Social media actually is addictive both physically and psychologically and should be handled with care (Addictioncenter). This is why I think that there should be regulations in order to force social media companies to make their apps less addictive, albeit against their financial motives.
Good content! I always end up opening Instagram whenever I am looking at my phone. Sometimes I forget what I actually wanted to check on my phone, because I spent minutes scrolling on Instagram. Though I know I do not have a social media addiction, I spend way too much time on apps than I would like. For apps such as Instagram and Facebook you can request the app to give you a notification whenever you spend a certain amount on time on the app. Now, Instagram gives me a notification after spending 30 minutes per day on the app, this way I want to make myself more aware of the time I spend on social media. Though it gives me insight in my social media usage, I still find it difficult to bring overall usage of apps down.
As a person who is also extremely addicted to instagram, this is an interesting analysis! I’ve moved my instagram app deeper inside a folder on on my phone so that I would less likely to open the app as it will be harder to find it, however within only a few day the action of opening the folder to find instagram became a habit for me, not really making a difference in my screen time. The explanation about how phone rings can be a trigger explains the reason why I always lost my stream of focus when I hear a notification sound, and it becomes irresistible to check it. I didn’t know that app developers had such an intrinsic way of making people addicted to their app, and knowing this makes me feel very uncomfortable 🙁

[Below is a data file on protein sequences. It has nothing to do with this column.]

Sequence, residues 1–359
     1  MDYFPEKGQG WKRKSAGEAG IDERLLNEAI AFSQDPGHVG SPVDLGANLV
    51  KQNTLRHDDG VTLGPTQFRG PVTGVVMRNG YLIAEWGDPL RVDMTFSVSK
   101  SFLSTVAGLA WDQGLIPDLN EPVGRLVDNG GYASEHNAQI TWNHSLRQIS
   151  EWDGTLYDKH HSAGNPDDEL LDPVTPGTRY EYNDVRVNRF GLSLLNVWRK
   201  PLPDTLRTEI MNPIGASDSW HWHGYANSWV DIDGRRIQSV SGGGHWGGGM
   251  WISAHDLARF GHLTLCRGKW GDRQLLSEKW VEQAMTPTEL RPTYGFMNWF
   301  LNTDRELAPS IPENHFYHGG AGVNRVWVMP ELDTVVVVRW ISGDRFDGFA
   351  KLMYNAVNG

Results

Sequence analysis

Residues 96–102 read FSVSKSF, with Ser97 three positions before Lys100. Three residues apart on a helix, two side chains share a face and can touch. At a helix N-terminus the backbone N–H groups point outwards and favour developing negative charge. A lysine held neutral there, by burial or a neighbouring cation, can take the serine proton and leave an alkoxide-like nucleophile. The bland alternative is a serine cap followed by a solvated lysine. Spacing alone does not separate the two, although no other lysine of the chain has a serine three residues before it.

It is very interesting to read this blog, as I am also kind of addicted to Instagram and tried to manage the addiction by turning of the notifications, using a time limit on the app, or even deleting the app. However, although you argued that the trigger can be the notification, in my experience, it is not just the notification that triggers me to open the app. Although I sometimes turn off the notification, I still feel the constant need to open the app to check whether anything happend or not. Maybe even because there are no notifications, I feel like I should open the app and check if anything happend. I am curious what you do to manage the addiction? Overall, good blog!!
This is so true! Instagram and other social media are just a nightmare if you need to be productive. They take so much time and you might not even realize it. Time flies when you keep scrolling the feed.
For me, the main motivation to open Instagram is indeed the fear to miss something important. I always watch stories because I know that they will disappear and I will never see what those people posted. Of course, this is ridiculous. There is usually nothing important but still, I keep checking. It’s a curse of today’s world.
Nevertheless, there is also another side. You know how your friends are doing, you can chat with them and all of this is done with the help of Instagram. So as usual, there two sides.